US avionics specialist Honeywell has used an Embraer 170 to demonstrate the accuracy of alternative navigation techniques – including one based on magnetic anomalies – aimed at mitigating unavailability of GPS.
The techniques use different sensors, including radar and radio, cameras, and star-trackers to support inertial navigation systems, correcting them in areas where GPS access might be denied, and providing crews with accurate position, speed and heading information.
Honeywell is aiming to make prototype alternative navigation systems available from this year, with initial deliveries expected in 2023.
“Our customers are seeing an increase in both intentional and unintentional navigational disruptions, including jamming for [satellite-based] navigation,” says Honeywell Aerosapce viceo-president for navigation and sensors Matt Picchetti.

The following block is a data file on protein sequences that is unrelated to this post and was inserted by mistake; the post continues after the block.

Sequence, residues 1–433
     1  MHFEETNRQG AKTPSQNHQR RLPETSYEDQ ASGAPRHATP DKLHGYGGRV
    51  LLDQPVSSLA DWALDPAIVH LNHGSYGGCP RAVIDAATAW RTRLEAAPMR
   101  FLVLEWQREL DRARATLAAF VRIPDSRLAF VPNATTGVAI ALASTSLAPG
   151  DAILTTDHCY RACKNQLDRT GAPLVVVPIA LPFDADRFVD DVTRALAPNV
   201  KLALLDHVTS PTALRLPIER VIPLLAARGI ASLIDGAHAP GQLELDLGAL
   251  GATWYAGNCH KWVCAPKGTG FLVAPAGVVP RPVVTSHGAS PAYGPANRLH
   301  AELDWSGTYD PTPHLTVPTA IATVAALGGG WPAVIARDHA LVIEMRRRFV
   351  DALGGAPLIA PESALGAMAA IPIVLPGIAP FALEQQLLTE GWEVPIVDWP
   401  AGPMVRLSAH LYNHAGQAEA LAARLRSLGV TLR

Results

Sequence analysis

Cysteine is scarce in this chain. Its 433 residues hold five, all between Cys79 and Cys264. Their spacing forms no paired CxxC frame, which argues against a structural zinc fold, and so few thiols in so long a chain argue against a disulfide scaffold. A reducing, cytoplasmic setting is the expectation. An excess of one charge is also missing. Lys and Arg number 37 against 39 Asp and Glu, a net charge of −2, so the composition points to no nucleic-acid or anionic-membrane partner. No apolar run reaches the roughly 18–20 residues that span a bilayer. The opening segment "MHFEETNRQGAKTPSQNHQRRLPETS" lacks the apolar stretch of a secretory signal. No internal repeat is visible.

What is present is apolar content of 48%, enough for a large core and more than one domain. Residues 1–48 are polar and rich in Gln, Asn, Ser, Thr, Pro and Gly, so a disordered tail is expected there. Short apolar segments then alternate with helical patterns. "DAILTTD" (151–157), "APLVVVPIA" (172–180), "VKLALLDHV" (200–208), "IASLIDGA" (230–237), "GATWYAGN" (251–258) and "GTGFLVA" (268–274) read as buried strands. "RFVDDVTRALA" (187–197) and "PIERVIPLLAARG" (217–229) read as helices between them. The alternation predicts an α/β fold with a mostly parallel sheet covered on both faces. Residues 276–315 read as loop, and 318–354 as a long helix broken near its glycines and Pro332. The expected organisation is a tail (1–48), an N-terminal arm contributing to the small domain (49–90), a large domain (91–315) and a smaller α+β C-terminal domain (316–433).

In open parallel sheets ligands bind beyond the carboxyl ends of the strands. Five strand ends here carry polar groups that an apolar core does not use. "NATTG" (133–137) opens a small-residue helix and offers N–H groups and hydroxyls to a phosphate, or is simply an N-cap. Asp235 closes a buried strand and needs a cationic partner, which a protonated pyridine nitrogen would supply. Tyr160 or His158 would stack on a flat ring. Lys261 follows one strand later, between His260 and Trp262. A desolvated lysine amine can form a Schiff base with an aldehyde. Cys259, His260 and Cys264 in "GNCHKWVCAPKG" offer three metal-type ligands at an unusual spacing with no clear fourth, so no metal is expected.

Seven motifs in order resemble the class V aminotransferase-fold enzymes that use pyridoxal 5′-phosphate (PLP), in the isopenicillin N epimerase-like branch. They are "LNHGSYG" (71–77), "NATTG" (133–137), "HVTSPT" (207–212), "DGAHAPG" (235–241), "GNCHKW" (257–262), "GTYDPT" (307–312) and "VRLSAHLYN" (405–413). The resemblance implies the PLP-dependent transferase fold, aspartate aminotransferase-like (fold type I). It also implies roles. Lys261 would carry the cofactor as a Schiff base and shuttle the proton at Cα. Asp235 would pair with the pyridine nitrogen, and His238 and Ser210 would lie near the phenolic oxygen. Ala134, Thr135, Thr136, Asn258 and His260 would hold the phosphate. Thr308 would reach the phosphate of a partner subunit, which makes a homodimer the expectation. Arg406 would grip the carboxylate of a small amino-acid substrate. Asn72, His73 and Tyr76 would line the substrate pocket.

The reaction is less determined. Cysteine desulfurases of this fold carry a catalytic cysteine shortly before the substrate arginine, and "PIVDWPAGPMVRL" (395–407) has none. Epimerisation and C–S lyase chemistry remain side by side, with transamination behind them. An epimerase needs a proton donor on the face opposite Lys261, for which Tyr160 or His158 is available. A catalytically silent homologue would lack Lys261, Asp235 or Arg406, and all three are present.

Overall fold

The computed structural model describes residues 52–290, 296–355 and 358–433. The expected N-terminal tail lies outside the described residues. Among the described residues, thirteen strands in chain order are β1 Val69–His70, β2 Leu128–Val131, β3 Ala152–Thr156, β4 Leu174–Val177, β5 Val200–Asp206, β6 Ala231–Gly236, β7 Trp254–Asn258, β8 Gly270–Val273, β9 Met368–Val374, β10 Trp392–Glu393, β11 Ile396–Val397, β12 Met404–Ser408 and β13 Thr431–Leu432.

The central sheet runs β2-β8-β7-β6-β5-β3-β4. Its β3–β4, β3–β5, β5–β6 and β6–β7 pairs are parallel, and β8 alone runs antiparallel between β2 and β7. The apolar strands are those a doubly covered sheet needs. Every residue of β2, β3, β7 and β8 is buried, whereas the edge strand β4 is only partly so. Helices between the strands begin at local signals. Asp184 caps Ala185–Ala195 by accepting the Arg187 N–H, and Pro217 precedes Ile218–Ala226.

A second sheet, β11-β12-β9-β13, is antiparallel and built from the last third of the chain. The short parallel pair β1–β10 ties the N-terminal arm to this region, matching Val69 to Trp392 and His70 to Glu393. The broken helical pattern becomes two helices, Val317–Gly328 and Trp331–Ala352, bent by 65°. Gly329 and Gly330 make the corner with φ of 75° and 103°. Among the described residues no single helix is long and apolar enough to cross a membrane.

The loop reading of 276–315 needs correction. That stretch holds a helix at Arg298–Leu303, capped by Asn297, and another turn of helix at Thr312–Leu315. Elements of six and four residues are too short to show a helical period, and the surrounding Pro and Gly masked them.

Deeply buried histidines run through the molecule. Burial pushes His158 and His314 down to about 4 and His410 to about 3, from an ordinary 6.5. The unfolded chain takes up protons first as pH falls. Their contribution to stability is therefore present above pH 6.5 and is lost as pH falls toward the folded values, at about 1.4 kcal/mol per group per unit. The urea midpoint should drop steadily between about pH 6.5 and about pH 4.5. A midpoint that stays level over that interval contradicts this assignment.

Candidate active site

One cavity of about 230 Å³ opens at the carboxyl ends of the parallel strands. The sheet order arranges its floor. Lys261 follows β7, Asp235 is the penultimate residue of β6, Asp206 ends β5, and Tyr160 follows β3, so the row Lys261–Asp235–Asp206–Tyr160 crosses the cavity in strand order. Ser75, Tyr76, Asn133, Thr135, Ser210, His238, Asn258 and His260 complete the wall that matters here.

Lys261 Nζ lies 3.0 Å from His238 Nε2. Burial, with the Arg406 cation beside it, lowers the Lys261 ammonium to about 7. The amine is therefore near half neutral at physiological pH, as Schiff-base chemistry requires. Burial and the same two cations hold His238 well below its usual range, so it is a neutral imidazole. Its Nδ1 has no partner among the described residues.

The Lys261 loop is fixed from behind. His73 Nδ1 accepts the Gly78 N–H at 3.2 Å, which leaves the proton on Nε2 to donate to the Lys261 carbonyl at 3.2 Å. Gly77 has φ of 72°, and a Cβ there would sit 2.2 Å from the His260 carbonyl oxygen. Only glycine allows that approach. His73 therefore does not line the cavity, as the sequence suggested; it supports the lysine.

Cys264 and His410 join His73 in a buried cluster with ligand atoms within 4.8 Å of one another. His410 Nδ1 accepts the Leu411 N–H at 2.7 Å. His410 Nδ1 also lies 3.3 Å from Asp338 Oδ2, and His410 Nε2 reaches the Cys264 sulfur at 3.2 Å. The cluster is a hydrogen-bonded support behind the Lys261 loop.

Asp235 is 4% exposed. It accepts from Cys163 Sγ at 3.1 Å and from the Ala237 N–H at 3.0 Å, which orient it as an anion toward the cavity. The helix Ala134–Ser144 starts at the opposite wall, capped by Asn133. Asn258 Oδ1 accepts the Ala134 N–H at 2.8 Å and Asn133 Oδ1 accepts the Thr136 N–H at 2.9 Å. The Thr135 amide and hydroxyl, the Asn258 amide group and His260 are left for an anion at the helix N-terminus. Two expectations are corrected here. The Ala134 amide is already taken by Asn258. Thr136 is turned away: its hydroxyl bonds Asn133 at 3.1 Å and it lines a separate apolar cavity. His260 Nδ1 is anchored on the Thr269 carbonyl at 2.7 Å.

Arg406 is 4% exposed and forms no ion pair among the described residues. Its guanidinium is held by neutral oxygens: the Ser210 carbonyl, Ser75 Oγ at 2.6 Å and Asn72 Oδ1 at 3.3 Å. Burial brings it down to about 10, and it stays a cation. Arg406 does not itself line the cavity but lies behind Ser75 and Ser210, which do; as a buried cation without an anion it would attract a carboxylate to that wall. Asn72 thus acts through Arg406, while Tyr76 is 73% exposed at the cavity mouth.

It has used the Embraer to conduct airborne magnetic-anomaly aided navigation in real time, measuring the Earth’s magnetic field strength and comparing it with magnetic maps to identify position.
“This is a historic milestone,” claims the company. “Almost all previous magnetic tests were done in special environments to mitigate electromagnetic noise.”
The aircraft was also recruited to demonstrate celestial-aided navigation using not only stars but detection of resident space objects – such as natural and artificial satellites – to provide a non-jammable navigation option.
Honeywell says the Embraer achieved a 25m circular error probability of 50%, improving on performance tests for GPS-denied environments last year.
The regional jet as well as a Leonardo Helicopters AW139 have been employed as platforms for vision-aided navigation which uses live cameras for map comparison, which the company says also improved substantially during denied-GPS performance trials.
“There hasn’t been a single set of solutions that meet all our customers’ operational needs, so we decided to create one,” says Picchetti.